Overview

Comprehensive Description

Description

This herbaceous plant is 1-2½' tall with an ascending leafy stem that is unbranched. The central stem is light to medium green, slightly zigzag, and glabrous to short-pubescent. Alternate leaves occur along this stem that are 2-5" long and 1-2½" long; they are broadly elliptic in shape, smooth (entire) along their margins, and sessile. The upper leaf surface is medium to dark green and glabrous, while the lower leaf surface is pale to medium green and finely short-hairy along the major veins (a 10x hand lens may be required to see this). Leaf venation is parallel with 3-7 prominent veins. Flowers are produced individually or in groups of 2-3 from the axils of most leaves; they are suspended below the leaves on short peduncles and pedicels. Each flower is 8-14 mm. in length and narrowly cylindrical in shape, consisting of 6 pale greenish yellow to greenish white tepals, 6 inserted stamens, and a 3-celled ovary with a single style. Around the outer rim of each flower, there are 6 straight to slightly recurved lobes about 2-3 mm. in length. The filaments of the stamens are minutely warty and terete. The peduncles and pedicels are light green, slender, and glabrous; they are about ¼-½" in length during the blooming period, but become about ½-1" in length when berries are produced. The blooming period occurs from mid- to late spring, lasting about 3 weeks. During the summer, the flowers are replaced by berries. At maturity, these berries are dark blue-violet to black, globoid in shape, and often glaucous; they are 6-9 mm. across. The interior of these berries is fleshy with several seeds. Individual seeds are 1.5-3.0 mm. long, globoid in shape, and either tan or straw-colored. The root system has knotty rhizomes up to ½" thick. Small clonal colonies are often produced from these rhizomes.
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Distribution

Range and Habitat in Illinois

The native Hairy Solomon's Seal is rare in northern Illinois, while in the rest of the state it is absent (Distribution Map). It is state-listed as 'endangered.' Illinois lies along the southern range limit of this species (excluding mountainous areas in the Appalachians). Habitats include moist to mesic woodlands, sandy woodlands, and lower slopes of forested sand dunes near Lake Michigan. In Illinois, Hairy Solomon's Seal is found in higher quality natural areas.
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Localities documented in Tropicos sources

Polygonatum pubescens fo. fultius Fernald & S.K. Harris:
United States (North America)

Note: This information is based on publications available through Tropicos and may not represent the entire distribution. Tropicos does not categorize distributions as native or non-native.
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Localities documented in Tropicos sources

Polygonatum pubescens (Willd.) Pursh:
Canada (North America)
United States (North America)

Note: This information is based on publications available through Tropicos and may not represent the entire distribution. Tropicos does not categorize distributions as native or non-native.
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N.B., N.S., Ont., Que.; Conn., Del., D.C., Ga., Ill., Ind., Iowa, Ky., Maine, Md., Mass., Mich., Minn., N.H., N.J., N.Y., N.C., Ohio, Pa., R.I., Tenn., Vt., Va., W.Va., Wis.
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National Distribution

Canada

Origin: Native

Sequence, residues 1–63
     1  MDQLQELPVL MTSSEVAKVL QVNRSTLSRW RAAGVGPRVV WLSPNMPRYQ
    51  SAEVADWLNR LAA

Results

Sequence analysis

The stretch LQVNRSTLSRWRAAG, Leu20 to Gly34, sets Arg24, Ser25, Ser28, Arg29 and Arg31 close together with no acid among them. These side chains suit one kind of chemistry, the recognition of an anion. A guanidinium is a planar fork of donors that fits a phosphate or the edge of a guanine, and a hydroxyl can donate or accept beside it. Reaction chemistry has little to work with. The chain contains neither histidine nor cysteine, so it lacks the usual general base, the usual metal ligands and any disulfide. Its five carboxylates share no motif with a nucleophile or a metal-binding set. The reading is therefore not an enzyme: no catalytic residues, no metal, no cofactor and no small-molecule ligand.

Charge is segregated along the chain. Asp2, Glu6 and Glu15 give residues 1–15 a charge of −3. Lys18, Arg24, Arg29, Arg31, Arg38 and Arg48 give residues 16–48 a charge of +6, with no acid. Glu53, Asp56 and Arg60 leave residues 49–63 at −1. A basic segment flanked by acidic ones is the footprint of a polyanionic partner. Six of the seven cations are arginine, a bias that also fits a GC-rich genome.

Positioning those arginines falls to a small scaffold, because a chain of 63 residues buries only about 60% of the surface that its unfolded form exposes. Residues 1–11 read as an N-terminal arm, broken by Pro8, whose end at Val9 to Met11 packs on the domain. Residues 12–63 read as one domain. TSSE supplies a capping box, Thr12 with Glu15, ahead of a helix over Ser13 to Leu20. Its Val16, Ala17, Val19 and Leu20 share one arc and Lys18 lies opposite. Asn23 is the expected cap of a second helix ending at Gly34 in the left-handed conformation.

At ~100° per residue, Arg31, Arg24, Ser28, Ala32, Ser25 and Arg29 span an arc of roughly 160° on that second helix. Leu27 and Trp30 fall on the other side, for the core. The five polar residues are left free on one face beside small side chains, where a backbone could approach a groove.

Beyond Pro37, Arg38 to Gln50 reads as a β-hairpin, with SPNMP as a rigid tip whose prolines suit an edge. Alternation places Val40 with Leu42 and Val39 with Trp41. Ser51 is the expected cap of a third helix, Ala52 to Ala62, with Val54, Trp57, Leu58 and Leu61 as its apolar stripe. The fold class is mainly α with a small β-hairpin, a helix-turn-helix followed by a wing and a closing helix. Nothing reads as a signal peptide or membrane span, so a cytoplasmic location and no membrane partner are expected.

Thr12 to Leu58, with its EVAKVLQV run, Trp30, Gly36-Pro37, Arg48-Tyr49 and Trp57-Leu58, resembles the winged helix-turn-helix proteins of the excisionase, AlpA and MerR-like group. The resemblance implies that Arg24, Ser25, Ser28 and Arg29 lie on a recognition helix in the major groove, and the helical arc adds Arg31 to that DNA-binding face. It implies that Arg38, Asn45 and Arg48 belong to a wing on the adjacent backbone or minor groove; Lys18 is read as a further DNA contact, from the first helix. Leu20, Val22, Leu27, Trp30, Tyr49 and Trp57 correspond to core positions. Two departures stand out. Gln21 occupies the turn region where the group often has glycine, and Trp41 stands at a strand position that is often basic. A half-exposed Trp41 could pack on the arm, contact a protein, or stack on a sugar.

Regularity: Regularly occurring

Currently: Present

Confidence: Confident

United States

Origin: Unknown/Undetermined

Regularity: Regularly occurring

Currently: Unknown/Undetermined

Confidence: Confident

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USA: CT , DE , GA , IL , IN , IA , KY , ME , MD , MA , MI , MN , NH , NJ , NY , NC , OH , PA , RI , SC , TN , VT , VA , WV , WI (NPIN, 2007)

Canada: NB , NS , ON (NPIN, 2007)

USDA Native Status: L48(N), CAN(N) (NPIN, 2007)

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Physical Description

Morphology

Description

Rhizomes shallowly set, 1–1.8 cm thick. Stems erect, 5–9(–11) dm; sheathing bract cauline, papery, caducous. Leaves subsessile or short-petiolate, 4–15 × 2–5.5(–7.5) cm; blade elliptic-lanceolate to broadly ovate, glabrous adaxially, minutely hairy or pilose on abaxial veins; prominent veins 3–9. Inflorescences in most leaf axils except distalmost and proximal 2–4; peduncle sharply reflexed, axillary 1–3(–5)-flowered, to 2 cm in fruit. Flowers: perianth yellowish green, tube 10–13(–15) mm, distinct tips 2–3 mm; stamens inserted high in perianth tube; filaments densely warty; pedicel to 1.3 cm in fruit. Berries 6–9 mm. 2n = 20.
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Overall This is an erect to arching perennial. (UW, 2009)

Flowers are yellow, green, or brown. (NPIN, 2007) The flowers are white to yellowish and 6-parted. They are tubular-shaped and stalked, with petal-like tepals united. The inflorescence are small, stalked clusters hanging downward along the stem. (UW, 2009) Inflorescences are present in most leaf axils except the distalmost and proximal 2–4. The peduncle is sharply reflexed, and axillary is 1–5-flowered. In flowers the perianth is yellowish green. The tube and tips are distinct. Stamens are inserted high in the perianth tube. Filaments are densely warty. (FNA, 2003)

Fruit are green berries. (NPIN, 2007) Blue berries are the fruit of this plant. (UW, 2009)

Leaves There are rows of short hairs on the underside of the leaf veins. (Weatherbee, 2006) Leaves are simple. (NPIN, 2007) Leaves are short-stalked, oblong, and alternate. The smaller veins on the underside are hairy. (UW, 2009) Leaves are subsessile or short-petiolate. Blades are elliptic-lanceolate to broadly ovate, glabrous (hairless) adaxially, and minutely hairy or pilose on abaxial veins. There are 3-9 prominent veins. (FNA, 2003)